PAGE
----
Eden Park – New Zealand’s national stadium – is switching from using treated drinking water to bore water to irrigate their turf, thanks to a new custom-made water treatment plant and reinstated bore provided by Watercare, with projected water savings of 16 million litres of water per year.
The bore was installed more than 20 years ago but has been out of service since 2008 because sandy sediment and minerals were causing major concrete stains and clogging irrigators. But from Friday 16 April, the 25-metre-deep bore will pump out up to 163,000 litres per day to water the turf.
The water saved equates to the annual water use of 87 households.
The bore revitalisation project began in May last year when water restrictions were introduced to combat Auckland’s severe drought. The turf is sown with temperate rye grass, which requires daily irrigation in summer to keep it in prime condition. Eden Park got in touch with Watercare to see if the company could help.
Watercare operations improvement manager Anin Nama says the first step was carrying out water quality tests: “Watercare spends hundreds of millions of dollars a year on new infrastructure and while most of the time we build largescale projects, we can also design small boutique-sized treatment plants, such as the one for Eden Park.
“Once we’d done some water quality testing to ascertain the exact mineral make-up and degree of sedimentation in the groundwater, we could design the mini treatment plant itself.”
The bore sits unobtrusively alongside a wall next to the No 1 Field. A new mechanical filter removes large sand particles before the water is piped underground to the water treatment plant, which sits 50 metres away directly below the main concourse.
The mini-plant consists of three tanks that remove any further small particles. Chlorine is added to remove manganese and iron. At this stage, the water is clear and has been treated to a high standard but is non-potable. It travels another 15 metres to six 30,000 litre holding tanks. A booster pump sends it to 300 sprinklers dotted around playing and practice fields as required.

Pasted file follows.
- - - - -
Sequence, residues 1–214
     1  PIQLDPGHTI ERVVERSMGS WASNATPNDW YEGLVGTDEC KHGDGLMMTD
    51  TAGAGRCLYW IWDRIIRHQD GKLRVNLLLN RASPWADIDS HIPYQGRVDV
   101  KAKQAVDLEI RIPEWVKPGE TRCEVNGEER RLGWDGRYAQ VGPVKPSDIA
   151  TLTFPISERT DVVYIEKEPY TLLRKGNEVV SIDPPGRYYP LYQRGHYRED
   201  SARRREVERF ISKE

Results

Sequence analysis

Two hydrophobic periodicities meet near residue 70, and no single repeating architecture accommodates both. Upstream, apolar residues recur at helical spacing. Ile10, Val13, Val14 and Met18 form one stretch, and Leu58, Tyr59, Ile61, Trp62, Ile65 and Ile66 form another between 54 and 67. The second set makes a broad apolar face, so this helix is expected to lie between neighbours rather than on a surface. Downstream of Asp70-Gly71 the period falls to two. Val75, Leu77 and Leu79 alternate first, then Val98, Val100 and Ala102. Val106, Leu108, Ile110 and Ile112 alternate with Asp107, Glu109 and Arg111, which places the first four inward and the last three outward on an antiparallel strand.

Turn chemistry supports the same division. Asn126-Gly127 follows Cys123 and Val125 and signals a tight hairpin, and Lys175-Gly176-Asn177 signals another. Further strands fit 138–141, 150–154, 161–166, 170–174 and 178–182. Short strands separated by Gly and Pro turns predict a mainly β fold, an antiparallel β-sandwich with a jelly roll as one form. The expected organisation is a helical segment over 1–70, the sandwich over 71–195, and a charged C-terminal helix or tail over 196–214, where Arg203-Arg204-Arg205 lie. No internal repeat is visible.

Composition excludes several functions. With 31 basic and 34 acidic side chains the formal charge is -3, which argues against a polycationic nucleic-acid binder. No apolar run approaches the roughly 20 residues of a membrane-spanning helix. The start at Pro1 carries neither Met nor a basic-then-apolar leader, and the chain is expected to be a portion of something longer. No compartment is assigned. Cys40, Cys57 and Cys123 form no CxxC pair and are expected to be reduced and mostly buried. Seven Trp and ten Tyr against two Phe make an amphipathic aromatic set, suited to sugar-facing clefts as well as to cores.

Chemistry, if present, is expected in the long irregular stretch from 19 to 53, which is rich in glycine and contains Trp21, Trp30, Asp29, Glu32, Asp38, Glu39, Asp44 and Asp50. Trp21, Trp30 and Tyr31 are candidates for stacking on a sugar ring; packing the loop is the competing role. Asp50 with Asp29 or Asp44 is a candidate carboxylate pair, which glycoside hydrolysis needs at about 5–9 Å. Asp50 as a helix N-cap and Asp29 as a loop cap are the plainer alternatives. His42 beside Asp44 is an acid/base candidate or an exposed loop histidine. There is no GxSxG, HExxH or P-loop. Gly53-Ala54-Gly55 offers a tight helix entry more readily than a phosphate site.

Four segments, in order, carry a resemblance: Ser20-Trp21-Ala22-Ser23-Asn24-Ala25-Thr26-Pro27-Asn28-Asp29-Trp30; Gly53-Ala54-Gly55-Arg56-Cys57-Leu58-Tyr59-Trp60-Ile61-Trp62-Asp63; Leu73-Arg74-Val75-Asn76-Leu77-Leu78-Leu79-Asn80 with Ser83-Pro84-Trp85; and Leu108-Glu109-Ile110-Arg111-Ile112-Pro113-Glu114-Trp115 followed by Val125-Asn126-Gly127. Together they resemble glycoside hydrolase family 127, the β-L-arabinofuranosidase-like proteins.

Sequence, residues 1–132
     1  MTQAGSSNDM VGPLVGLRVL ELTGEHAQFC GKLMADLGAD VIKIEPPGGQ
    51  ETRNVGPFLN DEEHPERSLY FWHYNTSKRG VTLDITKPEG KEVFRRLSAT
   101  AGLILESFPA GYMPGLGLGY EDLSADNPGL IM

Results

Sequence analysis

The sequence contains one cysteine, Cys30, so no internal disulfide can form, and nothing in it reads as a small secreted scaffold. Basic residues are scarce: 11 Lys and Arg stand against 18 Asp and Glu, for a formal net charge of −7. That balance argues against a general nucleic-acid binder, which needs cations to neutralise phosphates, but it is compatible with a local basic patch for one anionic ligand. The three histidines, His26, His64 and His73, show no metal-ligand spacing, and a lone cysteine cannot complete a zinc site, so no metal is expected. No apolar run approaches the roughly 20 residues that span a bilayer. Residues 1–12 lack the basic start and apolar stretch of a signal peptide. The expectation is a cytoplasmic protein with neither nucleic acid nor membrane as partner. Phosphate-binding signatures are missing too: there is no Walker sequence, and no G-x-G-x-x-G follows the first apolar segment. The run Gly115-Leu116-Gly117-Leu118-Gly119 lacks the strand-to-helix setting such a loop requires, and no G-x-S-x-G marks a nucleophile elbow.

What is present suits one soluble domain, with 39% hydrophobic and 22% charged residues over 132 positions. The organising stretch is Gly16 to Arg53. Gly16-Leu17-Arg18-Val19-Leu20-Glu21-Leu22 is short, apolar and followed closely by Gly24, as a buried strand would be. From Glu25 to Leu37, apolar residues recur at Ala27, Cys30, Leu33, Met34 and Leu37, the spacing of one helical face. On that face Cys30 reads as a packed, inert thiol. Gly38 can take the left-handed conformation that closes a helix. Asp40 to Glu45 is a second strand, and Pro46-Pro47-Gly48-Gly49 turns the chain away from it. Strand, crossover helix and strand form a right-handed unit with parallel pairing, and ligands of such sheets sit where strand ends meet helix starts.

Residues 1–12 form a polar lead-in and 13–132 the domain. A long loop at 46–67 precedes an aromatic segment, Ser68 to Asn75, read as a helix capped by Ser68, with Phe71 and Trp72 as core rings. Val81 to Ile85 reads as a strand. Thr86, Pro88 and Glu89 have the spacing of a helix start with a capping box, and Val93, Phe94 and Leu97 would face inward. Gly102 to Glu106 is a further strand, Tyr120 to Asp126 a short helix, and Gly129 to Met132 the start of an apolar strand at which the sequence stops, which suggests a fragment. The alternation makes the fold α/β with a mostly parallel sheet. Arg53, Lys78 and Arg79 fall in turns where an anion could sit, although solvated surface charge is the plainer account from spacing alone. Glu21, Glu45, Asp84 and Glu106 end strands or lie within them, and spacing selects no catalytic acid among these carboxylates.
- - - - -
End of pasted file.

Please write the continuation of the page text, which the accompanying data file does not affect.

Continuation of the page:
The irrigation system is computer-controlled but it takes the skill and experience of Turf Manager Blair Christiansen and his team of six ground staff to decide how much and where the water will go. What appears as a massive green lawn is in fact a patchwork of grass requiring complex management. Different parts of the field have their own microclimate, and the shade footprint from the stadium’s roof alters as seasons progress.
“Having the ability to draw water throughout the year from our own bore provides an assurance of quality for years to come when one of our greatest resources is at risk,” says Eden Park Turf Manger, Blair Christiansen.
"Eden Park could only achieve this thanks to Watercare’s expert knowledge and generosity to bring this initiative to life."
As thanks for installing the plant, Eden Park is promoting Watercare’s proactive water-saving messaging around the stadium as part of an integrated partnership.
"Eden Park is thrilled to be working with Watercare to develop sustainable initiatives to support the community and futureproof our ability to host domestic and international content for the city. This is one of several sustainable initiatives in place at the park which showcases our commitment to reducing the impact of our events on the environment, while aligning with a number of the United Nations’ Sustainable Development Goals,” says Eden Park Chief Executive Officer Nick Sautner.
Auckland is still experiencing the effects of the drought, with dam levels currently close to 50 per cent, compared to the usual normal levels of 76.9 per cent at this time of year. Aucklanders have saved close to 15 billion litres of water since restrictions began almost a year and at the same time Watercare is bringing new water sources online.
Watercare is looking to extend the bore water irrigation project and likely candidates include Lloyd Elsmore Park in Pakuranga – one of the largest sports parks in Auckland. Bores tend to be found in volcanic areas such as Maungakiekie where underground aquifers naturally occur.